"[W]hen you see these towns and when you see these thugs being thrown into the back of a paddy wagon -- you just see them thrown in, rough -- I said, please don't be too nice," the president said. 'Like when you guys put somebody in the car and you're protecting their head, you know, the way you put their hand over? Like, don't hit their head and they've just killed somebody -- don't hit their head. I said, you can take the hand away, okay?"
As it turns out, some of the most striking pushback came from U.S. Drug Enforcement Administration Acting Director Chuck Rosenberg, a holdover from the Obama administration, who sent an agency-wide email over the weekend suggesting DEA officials not follow the president's advice. The email, with a subject line that read, "Who we are," said in part:
"The President, in remarks delivered yesterday in New York, condoned police misconduct regarding the treatment of individuals placed under arrest by law enforcement."In writing to you, I seek to advance no political, partisan, or personal agenda. Nor do I believe that a Special Agent or Task Force Officer of the DEA would mistreat a defendant. I know that you would not.... I write to offer a strong reaffirmation of the operating principles to which we, as law enforcement professionals, adhere."I write because we have an obligation to speak out when something is wrong.... We must earn and keep the public trust and continue to hold ourselves to the very highest standards. Ours is an honorable profession and, so, we will always act honorably."
I don't imagine the email will endear Chuck Rosenberg to Team Trump, which makes it all the more notable that the acting DEA chief was willing to put his concerns in writing.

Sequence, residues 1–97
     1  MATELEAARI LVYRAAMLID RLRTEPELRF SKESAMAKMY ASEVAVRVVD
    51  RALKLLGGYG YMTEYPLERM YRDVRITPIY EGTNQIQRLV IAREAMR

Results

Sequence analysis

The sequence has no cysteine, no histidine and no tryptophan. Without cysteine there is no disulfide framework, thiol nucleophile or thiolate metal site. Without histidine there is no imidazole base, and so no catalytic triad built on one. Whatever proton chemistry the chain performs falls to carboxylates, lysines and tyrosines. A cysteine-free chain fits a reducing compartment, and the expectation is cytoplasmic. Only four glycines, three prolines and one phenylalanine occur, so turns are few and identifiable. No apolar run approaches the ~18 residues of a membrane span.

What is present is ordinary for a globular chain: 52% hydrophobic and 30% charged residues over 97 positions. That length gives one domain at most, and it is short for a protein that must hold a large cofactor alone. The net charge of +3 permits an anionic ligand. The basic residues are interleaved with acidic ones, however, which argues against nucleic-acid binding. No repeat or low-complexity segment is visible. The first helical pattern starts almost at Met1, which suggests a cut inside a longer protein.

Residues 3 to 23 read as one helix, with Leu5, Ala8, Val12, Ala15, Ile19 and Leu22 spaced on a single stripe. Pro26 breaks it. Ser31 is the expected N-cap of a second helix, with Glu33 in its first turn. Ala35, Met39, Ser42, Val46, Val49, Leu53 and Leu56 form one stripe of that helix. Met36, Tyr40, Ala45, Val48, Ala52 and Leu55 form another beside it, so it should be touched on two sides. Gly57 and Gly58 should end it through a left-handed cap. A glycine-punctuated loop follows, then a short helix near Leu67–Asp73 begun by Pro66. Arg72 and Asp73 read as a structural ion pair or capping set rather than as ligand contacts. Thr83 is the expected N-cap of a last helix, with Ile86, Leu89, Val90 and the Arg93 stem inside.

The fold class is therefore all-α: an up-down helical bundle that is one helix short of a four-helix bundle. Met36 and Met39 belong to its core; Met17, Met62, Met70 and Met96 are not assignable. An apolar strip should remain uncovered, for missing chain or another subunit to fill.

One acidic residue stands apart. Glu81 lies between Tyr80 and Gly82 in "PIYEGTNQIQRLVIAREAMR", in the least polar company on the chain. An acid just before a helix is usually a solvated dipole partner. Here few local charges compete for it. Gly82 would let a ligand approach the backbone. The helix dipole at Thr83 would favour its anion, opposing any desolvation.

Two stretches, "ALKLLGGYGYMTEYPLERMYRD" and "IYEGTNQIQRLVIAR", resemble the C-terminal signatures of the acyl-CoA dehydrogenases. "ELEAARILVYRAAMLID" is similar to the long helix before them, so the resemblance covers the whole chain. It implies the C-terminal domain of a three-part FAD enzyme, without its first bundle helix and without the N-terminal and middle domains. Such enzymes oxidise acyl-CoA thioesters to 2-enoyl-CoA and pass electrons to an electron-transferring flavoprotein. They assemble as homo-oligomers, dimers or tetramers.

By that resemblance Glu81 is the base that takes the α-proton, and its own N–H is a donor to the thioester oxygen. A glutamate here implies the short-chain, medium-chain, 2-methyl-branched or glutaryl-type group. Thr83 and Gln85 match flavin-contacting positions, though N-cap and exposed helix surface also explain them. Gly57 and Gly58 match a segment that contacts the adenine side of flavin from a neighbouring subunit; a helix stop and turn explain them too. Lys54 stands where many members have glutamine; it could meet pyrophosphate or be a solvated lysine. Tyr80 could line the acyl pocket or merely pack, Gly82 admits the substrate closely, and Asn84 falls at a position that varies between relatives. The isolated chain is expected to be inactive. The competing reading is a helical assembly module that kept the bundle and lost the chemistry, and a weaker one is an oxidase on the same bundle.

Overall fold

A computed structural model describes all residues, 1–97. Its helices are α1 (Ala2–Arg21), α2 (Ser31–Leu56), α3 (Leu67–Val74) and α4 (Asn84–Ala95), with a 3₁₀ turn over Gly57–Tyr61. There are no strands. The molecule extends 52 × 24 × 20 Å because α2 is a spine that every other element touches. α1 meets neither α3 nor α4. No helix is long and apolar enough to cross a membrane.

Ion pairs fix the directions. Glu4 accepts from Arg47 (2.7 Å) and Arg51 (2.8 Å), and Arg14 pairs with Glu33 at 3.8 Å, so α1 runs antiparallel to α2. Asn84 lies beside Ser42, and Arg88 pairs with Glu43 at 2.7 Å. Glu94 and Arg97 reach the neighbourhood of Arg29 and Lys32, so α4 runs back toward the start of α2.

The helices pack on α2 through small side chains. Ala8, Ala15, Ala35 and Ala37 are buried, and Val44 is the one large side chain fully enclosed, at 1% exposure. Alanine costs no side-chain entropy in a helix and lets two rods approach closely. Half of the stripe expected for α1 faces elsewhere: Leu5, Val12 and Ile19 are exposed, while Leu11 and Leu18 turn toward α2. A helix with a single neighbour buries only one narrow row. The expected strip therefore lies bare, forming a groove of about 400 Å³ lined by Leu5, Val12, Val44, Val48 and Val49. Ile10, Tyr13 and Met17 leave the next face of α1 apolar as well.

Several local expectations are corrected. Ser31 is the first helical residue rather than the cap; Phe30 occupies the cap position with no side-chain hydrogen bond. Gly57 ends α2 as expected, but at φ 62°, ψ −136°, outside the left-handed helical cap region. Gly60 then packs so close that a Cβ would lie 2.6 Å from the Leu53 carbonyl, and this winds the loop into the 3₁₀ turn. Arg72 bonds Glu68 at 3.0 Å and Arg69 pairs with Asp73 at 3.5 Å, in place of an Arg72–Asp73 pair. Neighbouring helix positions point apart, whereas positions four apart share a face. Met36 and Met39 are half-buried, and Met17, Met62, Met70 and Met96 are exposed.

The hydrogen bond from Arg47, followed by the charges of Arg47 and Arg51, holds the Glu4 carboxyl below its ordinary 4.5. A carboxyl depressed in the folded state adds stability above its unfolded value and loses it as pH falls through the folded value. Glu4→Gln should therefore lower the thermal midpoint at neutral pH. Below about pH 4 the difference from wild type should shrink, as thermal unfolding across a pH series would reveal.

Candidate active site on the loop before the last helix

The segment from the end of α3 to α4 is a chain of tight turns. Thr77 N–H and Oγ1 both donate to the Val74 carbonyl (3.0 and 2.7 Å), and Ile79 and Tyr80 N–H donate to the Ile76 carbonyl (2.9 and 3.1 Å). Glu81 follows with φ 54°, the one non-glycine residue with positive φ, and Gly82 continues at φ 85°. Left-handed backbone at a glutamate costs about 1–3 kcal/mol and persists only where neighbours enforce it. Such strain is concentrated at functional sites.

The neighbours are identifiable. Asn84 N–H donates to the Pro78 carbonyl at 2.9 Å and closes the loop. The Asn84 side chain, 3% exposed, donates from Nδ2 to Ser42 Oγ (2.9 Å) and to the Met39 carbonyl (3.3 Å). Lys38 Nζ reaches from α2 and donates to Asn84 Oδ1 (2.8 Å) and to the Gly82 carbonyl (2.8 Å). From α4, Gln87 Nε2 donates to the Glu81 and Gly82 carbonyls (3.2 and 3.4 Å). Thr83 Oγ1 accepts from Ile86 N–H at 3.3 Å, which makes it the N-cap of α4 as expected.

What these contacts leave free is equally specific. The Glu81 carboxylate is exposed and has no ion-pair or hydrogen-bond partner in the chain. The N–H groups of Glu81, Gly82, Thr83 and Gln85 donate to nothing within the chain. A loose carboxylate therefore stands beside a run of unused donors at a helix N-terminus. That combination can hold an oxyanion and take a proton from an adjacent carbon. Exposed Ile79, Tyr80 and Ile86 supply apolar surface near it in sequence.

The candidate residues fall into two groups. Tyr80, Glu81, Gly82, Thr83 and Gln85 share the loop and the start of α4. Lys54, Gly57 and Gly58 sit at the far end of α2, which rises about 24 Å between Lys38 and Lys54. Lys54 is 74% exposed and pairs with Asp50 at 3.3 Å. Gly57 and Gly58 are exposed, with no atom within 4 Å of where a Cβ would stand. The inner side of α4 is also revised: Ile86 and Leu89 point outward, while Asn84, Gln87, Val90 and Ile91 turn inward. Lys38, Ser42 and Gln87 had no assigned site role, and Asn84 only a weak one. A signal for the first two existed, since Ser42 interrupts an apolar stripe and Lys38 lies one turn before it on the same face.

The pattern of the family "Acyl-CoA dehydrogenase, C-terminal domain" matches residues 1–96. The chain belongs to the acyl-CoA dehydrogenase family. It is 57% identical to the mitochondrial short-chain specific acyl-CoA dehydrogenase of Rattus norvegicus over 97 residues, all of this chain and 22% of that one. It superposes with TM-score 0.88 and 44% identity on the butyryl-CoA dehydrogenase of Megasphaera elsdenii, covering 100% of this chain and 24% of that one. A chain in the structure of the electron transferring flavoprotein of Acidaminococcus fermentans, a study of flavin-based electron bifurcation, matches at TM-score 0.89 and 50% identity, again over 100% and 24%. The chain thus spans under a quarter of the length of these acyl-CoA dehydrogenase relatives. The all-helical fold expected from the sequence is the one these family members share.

What's more, NBC News reported this afternoon that the U.S. attorney general seemed to broach the same subject today.
Attorney General Jeff Sessions instructed police to conduct themselves "in a lawful way" and promised to prosecute officers who violate use of force laws while speaking at a conference Tuesday.Sessions' remarks come as President Donald Trump faces continued criticism for encouraging officers to treat suspected criminals more roughly."Community-based policing was a big part of reducing crime…in America, we can't back off that now," Sessions told attendees of the National Organization of Black Law Enforcement Executives' (NOBLE) annual conference in Atlanta, Georgia. "We need to get even better at it and more careful at it -- making sure we're doing it in a lawful way," he added.
Not surprisingly, Sessions did not specifically reference Trump's controversial remarks from Friday, but given the broader context -- reminding officers to conduct themselves "in a lawful way," so soon after the president said the opposite -- it's hardly a stretch to draw the connection.
I also wonder whether the president, who's made little secret of his recent frustrations with the attorney general, will take kindly to the remarks.
For her part, White House Press Secretary Sarah Huckabee Sanders again said today Trump's comments were intended "as a joke."